Eating Up the Miles on Indian’s Stripped-Down Bagger
Eating Up The Miles On Indian’s Stripped-Down Bagger
It’s mid-June and I’m riding around my hometown in Southern California. It’s sunny, birds are chirping, palm trees are swaying— you get it. The sun was directly above me, catching the chrome dash and shining right in my eyes. As I’m being blinded I remember thinking, “All right, I found one. I finally found one thing to complain about on this bike.” The 2017 Indian Springfield is the peppy, quick-responding chassis and engine combo that we’ve been telling you about for years now but with a lighter front end and a fresh, unfaired look.
Indian’s Chieftain was the second bagger I ever had the chance to throw a leg over once I came onto staff here at Baggers, and I was instantly impressed by how well it carried its weight and how easily it dropped into the turns. Years later, now I have had the chance to ride just about everything you can strap a set of hard bags to, and Indian’s touring platform is still among the best bikes I get to ride. Taking a strong engine with a steep rake, proper weight distribution, and a stable chassis then stripping it down for more of a classic style makes the Springfield a necessary addition to an already bulletproof lineup.
Walking up to the Springfield, it’s timeless. Black paint shines in the sun, and the chrome looks like you could skip a rock off it. The low, wide bars are somewhere perfectly between Long Beach lowrider style and the ’50s cruisers that inspired it. The whole stance of the bike is low and sweeping, quick looking, but still holding the rider in a very standard seating position. The heavy chrome nacelle helps split the wind and round out the weight of the front end so it doesn’t look vacant or too light compared to the rest of the bike. It’s remarkable how much removing the fairing can do for the look of the bike; all of a sudden the polarizing rounded fairing is gone and every Joe Schmo who loves Harley and thought the Indian “looked funny” is now running up to tell me how much they love this one.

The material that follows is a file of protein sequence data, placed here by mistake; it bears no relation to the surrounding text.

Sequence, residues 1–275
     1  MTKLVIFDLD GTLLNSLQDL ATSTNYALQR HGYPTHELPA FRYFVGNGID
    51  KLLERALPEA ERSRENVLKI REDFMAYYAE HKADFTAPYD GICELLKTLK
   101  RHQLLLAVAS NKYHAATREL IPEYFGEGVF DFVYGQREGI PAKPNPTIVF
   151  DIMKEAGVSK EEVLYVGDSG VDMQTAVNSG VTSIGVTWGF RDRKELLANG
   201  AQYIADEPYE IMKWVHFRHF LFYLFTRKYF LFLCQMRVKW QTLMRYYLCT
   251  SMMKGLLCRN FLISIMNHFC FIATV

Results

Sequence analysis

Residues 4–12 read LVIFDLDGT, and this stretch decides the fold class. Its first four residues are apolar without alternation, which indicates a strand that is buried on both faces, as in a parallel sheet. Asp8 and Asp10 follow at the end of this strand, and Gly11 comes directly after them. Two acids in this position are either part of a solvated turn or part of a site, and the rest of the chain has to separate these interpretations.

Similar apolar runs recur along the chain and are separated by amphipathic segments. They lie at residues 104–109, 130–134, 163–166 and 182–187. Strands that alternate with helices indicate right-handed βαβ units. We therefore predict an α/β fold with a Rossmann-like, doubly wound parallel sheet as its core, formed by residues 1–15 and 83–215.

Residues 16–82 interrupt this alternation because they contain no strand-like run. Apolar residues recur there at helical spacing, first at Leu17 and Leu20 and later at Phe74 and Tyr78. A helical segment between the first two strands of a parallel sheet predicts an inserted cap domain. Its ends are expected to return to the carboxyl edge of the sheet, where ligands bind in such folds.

I’ll admit, there’s a good amount of a specs section that I tend to look over. Yeah, I don’t really care what your gear ratios are until I get onto the bike and feel them pull. Seeing that the Springfield has a 25-degree neck probably means about as much to most of you as it used to mean to me— bupkis. Rake is the angle at which the forks come off of the frame and, very generally speaking, longer is more stable at high speeds and steeper has more responsive handling. Fortunately, with modern tech and some high-quality suspension, we can have the best of both worlds—a bike that’s responsive and quick handling but will
also hold steady in a turn when you hit an unexpected bump at 110 mph (not that I know from experience or anything). In the back, a single Fox shock with air adjust goes a long way for smoothing things out while maintaining solid road feel. The Springfield is stable as a freight train but carries its weight very well. With the lighter front end, the nimble handling that I loved on the Chieftain just got a little better.
Modeled to look like an old Flathead from the early years, the Thunder Stroke
111 has been no stranger to the pages of Baggers. The power comes on low and it comes on hard. It has a great sound and a robust personality. Putting out 75.89 hp and a claimed 106.49 pound-feet of torque when we tested it on the Dyno, even with the weight of a big ol’ bagger, this thing can haul. Weighing in at 862 pounds, that’s a lot of power and weight to not even have the option of traction control. Because the action on the clutch is very short on these bikes, the power comes on just as you start to let the lever out, making it difficult to feel the exact catch point if you’re not used to it. Translation: While riding aggressively and quickshifting in the turns, I often found myself slipping the rear tire as I’d let out the clutch. This wasn’t a deal breaker for me by any means, but it would just be nice to see this safety feature added when you’re already paying $21,000 for the bike.
When it comes to storage, the rounded shape of the bags makes packing up easy. The two hard bags lock and unlock electronically with a button on the gas tank or the bike’s key fob. If you want to pop them off, they detach quickly and easily as well.
The windshield that comes standard on the Springfield is pretty darn large and works very well. At 6-foot-4, I was tucked away well and out of the wind. Removing the windshield is as easy as flipping two tabs and pulling it off, which takes about one minute. For me, the windshield doesn’t detract from the look too much and adds a lot in terms of function, so I almost always leave it on.
Yes, we’ve thrown a leg over the Springfield before but not for nearly the amount of miles we wanted. This was a model we had been begging to see in Indian’s lineup. We wanted it, and it does not disappoint. It’s exactly the bike we were hoping for and it’s awesome. We’re lucky enough to have a Springfield as a long-term loaner here in the Baggers garage, so stay tuned for some upcoming projects as we bump up the power and add some custom parts!